Body weight was a stress point. The girls were weighed regularly at the gym. If they didn’t “make weight,” they were sentenced to run laps around the parking lot in their leotards. Sara remembers feeling humiliated, with cars driving by and honking, guys catcalling.

    Sometimes Sara was ridiculed inside the gym as well. When she did handsprings, she had a hard time keeping her legs together because of a birth defect, she says. Geddert mocked her, making sexual jokes. “He said the boys would love me because I couldn’t keep my legs together,” she says. She felt mortified as he snickered, her face turning deep red.

    Then one day, Larry Nassar walked in the door.

    On his first day at Great Lakes Gymnastics, Nassar stood awkwardly as Geddert introduced him to the girls, describing him as a student in medical school at Michigan State. It was late 1988, and Nassar had come to volunteer at the gym. Sara’s first impression of the new doctor: “He was geeky, nerdy,” she says. “He had this Revenge of the Nerds laugh, and we all giggled about that.”

    Nassar was building a résumé working with gymnasts. He had served as an athletic trainer for the U.S. National Team and had volunteered at both the Pan American Games and the Olympic trials. “He actively sought out situations where he could touch little girls all day,” says James White, a Lansing attorney who represents Sara and other survivors.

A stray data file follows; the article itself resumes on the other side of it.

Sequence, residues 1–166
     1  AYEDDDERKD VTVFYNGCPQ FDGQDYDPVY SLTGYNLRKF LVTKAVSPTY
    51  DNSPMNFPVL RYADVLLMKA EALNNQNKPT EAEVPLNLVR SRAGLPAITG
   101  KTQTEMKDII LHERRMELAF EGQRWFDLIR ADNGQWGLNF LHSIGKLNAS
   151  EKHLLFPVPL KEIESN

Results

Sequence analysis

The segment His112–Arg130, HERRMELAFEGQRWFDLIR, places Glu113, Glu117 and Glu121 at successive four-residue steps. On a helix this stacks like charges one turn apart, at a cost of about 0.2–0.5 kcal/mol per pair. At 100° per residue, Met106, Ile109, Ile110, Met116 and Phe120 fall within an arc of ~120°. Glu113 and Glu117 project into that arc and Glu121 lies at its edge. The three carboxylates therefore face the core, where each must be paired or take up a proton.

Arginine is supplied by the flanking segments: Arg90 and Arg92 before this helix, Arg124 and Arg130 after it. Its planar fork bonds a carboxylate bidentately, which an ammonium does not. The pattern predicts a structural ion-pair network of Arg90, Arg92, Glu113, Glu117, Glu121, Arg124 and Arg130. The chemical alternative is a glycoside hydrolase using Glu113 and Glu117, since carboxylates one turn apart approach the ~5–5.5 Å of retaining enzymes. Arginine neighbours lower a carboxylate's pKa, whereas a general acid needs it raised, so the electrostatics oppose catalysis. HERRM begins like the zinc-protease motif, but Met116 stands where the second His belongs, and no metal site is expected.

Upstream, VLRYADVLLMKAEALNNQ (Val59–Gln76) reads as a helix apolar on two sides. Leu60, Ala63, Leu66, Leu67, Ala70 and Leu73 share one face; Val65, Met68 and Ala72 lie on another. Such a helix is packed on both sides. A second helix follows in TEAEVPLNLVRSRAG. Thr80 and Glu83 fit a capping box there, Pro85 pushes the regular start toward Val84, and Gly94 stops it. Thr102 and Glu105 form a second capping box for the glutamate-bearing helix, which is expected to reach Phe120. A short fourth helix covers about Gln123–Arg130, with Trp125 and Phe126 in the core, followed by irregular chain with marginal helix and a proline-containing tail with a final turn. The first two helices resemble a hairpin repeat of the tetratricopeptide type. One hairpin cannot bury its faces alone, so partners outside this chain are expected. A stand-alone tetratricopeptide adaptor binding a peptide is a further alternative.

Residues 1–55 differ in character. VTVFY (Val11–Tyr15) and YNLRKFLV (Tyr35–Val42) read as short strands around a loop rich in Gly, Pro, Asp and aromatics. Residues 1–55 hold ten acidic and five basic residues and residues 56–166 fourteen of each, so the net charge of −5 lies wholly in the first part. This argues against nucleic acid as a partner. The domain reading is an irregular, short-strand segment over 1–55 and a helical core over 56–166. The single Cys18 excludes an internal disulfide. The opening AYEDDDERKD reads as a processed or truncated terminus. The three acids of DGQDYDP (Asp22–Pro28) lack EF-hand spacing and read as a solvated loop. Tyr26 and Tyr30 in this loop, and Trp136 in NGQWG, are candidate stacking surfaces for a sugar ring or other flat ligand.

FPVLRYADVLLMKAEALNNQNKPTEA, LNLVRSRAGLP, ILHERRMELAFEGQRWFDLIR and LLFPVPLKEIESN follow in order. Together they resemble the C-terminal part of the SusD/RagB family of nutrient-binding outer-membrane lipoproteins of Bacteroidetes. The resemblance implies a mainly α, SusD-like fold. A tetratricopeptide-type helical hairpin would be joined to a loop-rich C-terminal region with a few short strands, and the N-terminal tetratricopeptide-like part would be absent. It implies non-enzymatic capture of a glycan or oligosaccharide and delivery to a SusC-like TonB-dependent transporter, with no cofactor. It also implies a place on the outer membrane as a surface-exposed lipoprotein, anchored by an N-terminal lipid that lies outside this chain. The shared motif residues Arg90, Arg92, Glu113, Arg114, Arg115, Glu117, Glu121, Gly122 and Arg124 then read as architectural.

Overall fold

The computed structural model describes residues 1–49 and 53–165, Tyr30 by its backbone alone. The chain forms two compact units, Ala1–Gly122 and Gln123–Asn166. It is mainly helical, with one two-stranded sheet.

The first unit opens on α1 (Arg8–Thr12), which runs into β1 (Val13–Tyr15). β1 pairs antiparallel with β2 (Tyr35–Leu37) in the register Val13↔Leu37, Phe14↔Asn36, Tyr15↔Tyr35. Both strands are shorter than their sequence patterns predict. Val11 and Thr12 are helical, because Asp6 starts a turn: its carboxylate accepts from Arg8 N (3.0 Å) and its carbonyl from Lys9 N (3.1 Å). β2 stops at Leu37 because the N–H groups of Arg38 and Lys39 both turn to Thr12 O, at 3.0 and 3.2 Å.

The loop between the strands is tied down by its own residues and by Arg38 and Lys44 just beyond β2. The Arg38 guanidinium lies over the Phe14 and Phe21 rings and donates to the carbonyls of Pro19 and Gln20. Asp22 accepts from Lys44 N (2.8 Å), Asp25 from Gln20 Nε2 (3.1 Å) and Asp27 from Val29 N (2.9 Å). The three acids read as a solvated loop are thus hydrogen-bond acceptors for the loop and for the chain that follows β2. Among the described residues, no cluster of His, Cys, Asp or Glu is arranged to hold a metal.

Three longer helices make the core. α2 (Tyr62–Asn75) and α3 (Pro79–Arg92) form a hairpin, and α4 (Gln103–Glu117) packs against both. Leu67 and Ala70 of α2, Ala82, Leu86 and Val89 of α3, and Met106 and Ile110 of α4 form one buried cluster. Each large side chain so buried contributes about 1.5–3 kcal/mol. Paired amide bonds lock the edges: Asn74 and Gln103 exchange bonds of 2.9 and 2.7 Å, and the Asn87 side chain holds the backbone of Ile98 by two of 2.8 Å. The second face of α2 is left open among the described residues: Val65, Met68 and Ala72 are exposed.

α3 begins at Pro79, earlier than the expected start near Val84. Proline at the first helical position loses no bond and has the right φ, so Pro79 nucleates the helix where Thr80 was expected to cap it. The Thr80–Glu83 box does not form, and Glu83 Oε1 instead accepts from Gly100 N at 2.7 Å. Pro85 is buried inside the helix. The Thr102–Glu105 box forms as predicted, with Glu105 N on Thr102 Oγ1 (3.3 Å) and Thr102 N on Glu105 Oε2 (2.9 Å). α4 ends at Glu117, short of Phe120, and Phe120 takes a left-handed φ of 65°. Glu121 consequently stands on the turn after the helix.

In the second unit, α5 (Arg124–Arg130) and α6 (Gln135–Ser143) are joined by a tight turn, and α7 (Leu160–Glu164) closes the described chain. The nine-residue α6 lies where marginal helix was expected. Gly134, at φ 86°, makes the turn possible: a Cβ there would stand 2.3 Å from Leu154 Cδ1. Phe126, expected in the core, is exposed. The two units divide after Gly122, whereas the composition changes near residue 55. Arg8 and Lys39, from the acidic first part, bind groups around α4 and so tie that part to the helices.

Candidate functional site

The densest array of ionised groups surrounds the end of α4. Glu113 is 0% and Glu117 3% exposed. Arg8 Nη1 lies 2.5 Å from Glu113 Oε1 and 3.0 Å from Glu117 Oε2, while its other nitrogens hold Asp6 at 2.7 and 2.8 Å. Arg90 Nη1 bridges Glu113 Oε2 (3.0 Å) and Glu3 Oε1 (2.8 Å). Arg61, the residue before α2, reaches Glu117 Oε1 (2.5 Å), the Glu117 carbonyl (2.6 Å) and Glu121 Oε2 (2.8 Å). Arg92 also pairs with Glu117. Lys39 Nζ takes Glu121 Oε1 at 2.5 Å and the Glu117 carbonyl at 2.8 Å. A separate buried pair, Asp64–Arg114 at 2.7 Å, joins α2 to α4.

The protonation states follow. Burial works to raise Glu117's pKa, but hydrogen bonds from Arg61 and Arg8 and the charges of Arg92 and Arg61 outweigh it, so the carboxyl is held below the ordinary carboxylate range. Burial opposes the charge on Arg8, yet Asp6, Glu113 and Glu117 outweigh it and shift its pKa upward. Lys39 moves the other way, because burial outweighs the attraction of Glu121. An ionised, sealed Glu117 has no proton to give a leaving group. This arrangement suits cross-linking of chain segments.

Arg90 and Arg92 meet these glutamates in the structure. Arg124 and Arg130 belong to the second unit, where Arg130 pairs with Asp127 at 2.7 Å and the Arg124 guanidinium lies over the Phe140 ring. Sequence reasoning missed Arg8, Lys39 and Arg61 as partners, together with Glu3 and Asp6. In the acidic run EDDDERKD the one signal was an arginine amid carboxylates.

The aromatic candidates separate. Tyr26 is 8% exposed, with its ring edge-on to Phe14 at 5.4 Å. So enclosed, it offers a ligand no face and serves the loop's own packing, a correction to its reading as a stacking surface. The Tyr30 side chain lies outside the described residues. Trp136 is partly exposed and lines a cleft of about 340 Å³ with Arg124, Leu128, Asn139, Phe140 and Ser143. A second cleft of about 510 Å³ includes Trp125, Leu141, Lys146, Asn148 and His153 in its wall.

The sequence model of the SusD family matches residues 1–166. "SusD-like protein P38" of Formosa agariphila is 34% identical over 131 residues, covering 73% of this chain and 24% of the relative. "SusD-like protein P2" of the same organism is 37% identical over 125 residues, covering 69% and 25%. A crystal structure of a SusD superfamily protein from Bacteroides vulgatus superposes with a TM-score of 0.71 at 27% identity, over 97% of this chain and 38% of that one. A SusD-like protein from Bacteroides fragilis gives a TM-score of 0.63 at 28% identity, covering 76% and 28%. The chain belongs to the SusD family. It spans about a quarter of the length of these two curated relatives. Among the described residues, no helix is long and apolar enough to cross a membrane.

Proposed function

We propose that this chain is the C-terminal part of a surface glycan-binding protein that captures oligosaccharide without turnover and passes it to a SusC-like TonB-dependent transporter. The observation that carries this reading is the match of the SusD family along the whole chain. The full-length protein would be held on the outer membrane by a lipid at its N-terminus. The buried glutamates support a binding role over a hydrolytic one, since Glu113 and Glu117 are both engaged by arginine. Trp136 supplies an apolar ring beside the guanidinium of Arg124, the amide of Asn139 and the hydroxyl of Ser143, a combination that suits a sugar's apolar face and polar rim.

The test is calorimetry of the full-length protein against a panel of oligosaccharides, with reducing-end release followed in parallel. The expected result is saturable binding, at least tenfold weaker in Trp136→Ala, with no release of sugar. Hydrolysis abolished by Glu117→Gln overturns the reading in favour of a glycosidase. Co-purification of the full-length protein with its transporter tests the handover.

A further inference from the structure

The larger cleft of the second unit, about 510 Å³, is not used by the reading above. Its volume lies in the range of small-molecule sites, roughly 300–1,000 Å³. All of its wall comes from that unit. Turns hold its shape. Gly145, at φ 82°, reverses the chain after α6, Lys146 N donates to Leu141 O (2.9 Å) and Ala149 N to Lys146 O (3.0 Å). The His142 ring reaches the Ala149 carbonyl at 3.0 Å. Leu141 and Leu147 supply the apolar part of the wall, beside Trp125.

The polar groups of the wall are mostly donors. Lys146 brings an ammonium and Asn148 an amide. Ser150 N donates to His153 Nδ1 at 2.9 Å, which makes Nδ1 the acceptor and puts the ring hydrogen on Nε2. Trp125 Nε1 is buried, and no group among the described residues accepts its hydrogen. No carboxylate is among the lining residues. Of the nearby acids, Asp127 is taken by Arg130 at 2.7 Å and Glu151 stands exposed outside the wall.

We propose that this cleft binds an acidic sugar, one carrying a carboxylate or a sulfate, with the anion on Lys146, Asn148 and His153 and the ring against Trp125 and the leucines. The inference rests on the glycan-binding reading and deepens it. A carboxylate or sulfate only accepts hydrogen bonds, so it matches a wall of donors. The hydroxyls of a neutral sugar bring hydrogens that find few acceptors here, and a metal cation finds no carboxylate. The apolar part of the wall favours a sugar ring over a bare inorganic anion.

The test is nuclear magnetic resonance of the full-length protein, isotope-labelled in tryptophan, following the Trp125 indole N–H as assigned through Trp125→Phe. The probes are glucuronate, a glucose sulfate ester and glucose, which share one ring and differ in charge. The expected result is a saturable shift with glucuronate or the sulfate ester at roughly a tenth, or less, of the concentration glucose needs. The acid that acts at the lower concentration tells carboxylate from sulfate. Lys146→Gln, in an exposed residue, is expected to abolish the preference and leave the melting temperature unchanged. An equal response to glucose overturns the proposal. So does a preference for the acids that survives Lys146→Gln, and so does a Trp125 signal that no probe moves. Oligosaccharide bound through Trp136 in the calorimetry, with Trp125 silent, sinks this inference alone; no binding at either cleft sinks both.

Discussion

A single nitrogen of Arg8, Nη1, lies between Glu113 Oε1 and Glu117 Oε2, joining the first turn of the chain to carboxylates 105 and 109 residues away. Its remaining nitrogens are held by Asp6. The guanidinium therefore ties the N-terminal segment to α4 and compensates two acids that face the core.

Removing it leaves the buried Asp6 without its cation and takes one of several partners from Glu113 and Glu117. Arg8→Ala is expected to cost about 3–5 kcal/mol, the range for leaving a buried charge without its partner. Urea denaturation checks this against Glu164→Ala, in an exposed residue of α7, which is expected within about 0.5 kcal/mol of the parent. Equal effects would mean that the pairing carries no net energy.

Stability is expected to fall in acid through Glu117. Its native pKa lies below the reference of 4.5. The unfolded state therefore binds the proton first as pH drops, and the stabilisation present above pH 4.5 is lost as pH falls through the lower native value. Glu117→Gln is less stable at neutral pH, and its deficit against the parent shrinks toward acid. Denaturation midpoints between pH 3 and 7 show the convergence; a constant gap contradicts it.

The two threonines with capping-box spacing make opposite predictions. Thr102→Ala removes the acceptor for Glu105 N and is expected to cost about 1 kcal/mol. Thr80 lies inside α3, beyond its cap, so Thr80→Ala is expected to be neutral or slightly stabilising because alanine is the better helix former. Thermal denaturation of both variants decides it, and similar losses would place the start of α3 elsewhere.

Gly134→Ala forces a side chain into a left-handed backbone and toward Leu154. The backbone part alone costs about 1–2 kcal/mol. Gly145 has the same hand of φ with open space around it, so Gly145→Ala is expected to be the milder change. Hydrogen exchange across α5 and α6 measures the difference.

Sara thinks Nassar realized that the way to keep his access to the girls was to please Geddert. And the way to please Geddert was to clear the girls to keep training and competing while injured. “After that,” she says, “Larry went along with whatever John wanted.”

    Sara has a difficult time discussing what happened next, but thinks it’s important to do so, she says, to help people understand how predators operate. At the time, she didn’t understand. Sexual abuse wasn’t on her radar. And neither was sex. She had never dated boys; there was no time for that, what with the demands of training and school. She knew only that the procedure was excruciating and that it felt endless. She didn’t tell anyone because she trusted that her doctor was performing a medical treatment.